In an age when more and more pitchers have ugly scars crawling up their elbows, where surgeons™ scalpels have replaced their ulnar collateral ligaments in what is known as Tommy John surgery, Dickey does not need to worry about strains or painful pops.
He does not have an ulnar collateral ligament in his right elbow. None. Dickey either was born without one, or the tissue simply disintegrated when he was a teenager.
A dozen years after discovery of his situation cost him a virtual million-dollar payday, when he was told to give up his dreams of becoming a major league pitcher, Dickey today is one of the most intriguing players in any spring training camp. He did not just prove skeptics wrong by building a career that has included brief stays in the big leagues. Now 33, Dickey has reinvented himself as a knuckleballer, one promising enough that he could prove quite valuable in 2008 and beyond.
œFor him to be able to throw at all is pretty phenomenal in itself, said Rick Griffin, the Mariners™ head athletic trainer. œBut he™s doing it in the major leagues. People in sports amaze you physically, but this is something you™d never suspect. It™s like a running back in the N.F.L. having no anterior cruciate ligament in his knee. It™s amazing.
…œIt™s a real blessing now, Dickey said. œI™m real resilient, simply because I don™t have to worry about that ligament being sore, or tearing it. There™s nothing to tear.
Right fielder Shawn Green, who played with the Mets for the last year and a half and spent parts of 15 seasons in the majors, told The Post yesterday that he has retired.
“I had planned on retiring at the end of this contract,” the 35-year-old Green said yesterday in a phone conversation. “If something where I could live at home popped up, then I would have had to take that under consideration. But I still don’t know what I would have done.”
That decision never really had to be made.
The affable Green, a former member of the 30-30 club who once smashed four homers in one game, wrapped up his tenure with the Mets last season. He said yesterday that a bunch of teams then showed interest in him, but he indicated that he simply wasn’t willing to be that far from his California home.
Indeed, not everyone is cut out for the Long Island Ducks.
I don’t know if Kenny G is really Miguel Batista’s “musical idol” (“I’m reminded of the time Dick Allen met his idol Paul Mauria”, writes Repoz), but who else would the Seattle hurler discuss “breathing techniques” with? Not that J.J. Putz doesn’t have an interesting method, mind you.
Not shown : Jeff Greenfield getting bleached.
To quote Hal Hartley’s Simple Men, “The difference … is I just fucked with the law, he fucked with the government.” Which is the line Roger Clemens crossed when he went under oath on taking illegal steroids and then lied to Congress about it. By challenging the Mitchell Report, Clemens isn’t dealing with a patsy like Bud Selig anymore. As ESPN‘s Mark Fainaru-Wada reports:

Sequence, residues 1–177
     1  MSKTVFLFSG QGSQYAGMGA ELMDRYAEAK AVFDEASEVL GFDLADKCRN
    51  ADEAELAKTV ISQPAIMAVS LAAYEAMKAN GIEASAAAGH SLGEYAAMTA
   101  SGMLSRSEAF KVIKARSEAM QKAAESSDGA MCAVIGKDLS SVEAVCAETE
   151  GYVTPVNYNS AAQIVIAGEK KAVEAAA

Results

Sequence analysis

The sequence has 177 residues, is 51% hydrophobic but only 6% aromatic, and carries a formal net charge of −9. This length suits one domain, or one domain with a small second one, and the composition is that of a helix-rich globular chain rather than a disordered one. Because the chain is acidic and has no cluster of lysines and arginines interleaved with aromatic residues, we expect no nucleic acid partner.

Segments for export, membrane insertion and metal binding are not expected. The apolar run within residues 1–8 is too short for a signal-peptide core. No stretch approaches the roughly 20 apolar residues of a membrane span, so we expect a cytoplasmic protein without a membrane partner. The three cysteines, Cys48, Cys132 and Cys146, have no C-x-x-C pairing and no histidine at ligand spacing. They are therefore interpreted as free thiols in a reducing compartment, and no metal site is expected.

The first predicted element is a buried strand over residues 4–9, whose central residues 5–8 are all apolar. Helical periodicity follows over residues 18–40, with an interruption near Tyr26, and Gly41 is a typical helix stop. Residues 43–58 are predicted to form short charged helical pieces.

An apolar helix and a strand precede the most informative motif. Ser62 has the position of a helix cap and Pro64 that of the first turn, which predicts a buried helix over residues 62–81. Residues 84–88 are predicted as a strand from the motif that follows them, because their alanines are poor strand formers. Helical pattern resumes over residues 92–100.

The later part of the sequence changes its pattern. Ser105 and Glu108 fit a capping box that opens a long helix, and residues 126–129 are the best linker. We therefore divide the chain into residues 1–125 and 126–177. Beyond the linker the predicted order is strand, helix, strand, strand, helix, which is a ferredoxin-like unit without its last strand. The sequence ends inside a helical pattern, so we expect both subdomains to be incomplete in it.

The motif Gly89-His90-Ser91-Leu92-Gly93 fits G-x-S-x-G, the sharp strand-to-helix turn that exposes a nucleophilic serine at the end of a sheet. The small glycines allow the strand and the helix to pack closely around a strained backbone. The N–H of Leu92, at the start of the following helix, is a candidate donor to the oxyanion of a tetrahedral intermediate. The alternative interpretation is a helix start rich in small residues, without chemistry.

(Clemens, above, will be signing this week at the FBI’s J. Edgar Hoover Building)
An 18-page memorandum compiled by congressional staff members provides a damning analysis of statements given under oath by Roger Clemens — underscoring a perjury case that could be looming for the seven-time Cy Young winner.
The document, released Wednesday by Rep. Henry Waxman, D-Calif., the majority leader of the House Committee on Oversight and Government Reform, lists “seven sets of assertions” Clemens made during his Feb. 5 deposition and Feb. 13 testimony that are “implausible” or “appear to be contradicted by other evidence before the Committee.” (Read the complete memorandum here.)
The memo is described as an analysis created by majority staffers at the request of Waxman, whose committee has played a central role in investigating performance-enhancing drug use by professional and Olympic athletes. Earlier this month, the committee took depositions and heard testimony from, among others, Clemens and his former personal trainer Brian McNamee, who described the pitcher’s extensive use of performance-enhancing drugs.
Clemens has vehemently and repeatedly denied ever taking steroids or human growth hormone, but those denials — and others — are highly suspect, according to the congressional analysis.
The document, at various points, describes Clemens’ statements as “not truthful,” “implausible,” “contradicted” and called “into question.” In one section, the memo suggests there is “evidence that Mr. Clemens affirmatively sought to mislead the Committee.”
Kudos to the St. Louis Cardinals organization for proving that while they’re powerless to stop their manager from driving drunk, they’ll not tolerate similar behavior from one of their players (presuming he’s alive to punish). From the St. Louis Post-Dispatch’s Tim O’Neil :
An arrest warrant has been issued by the Irvine Police Department for Cardinals utilityman Scott Spiezio (above, first from right) on six charges stemming from a crash in late December.
The warrant alleges driving under the influence, driving under the influence with a blood alcohol content of .08 percent or more, hit and run, aggravated assault, assault and battery.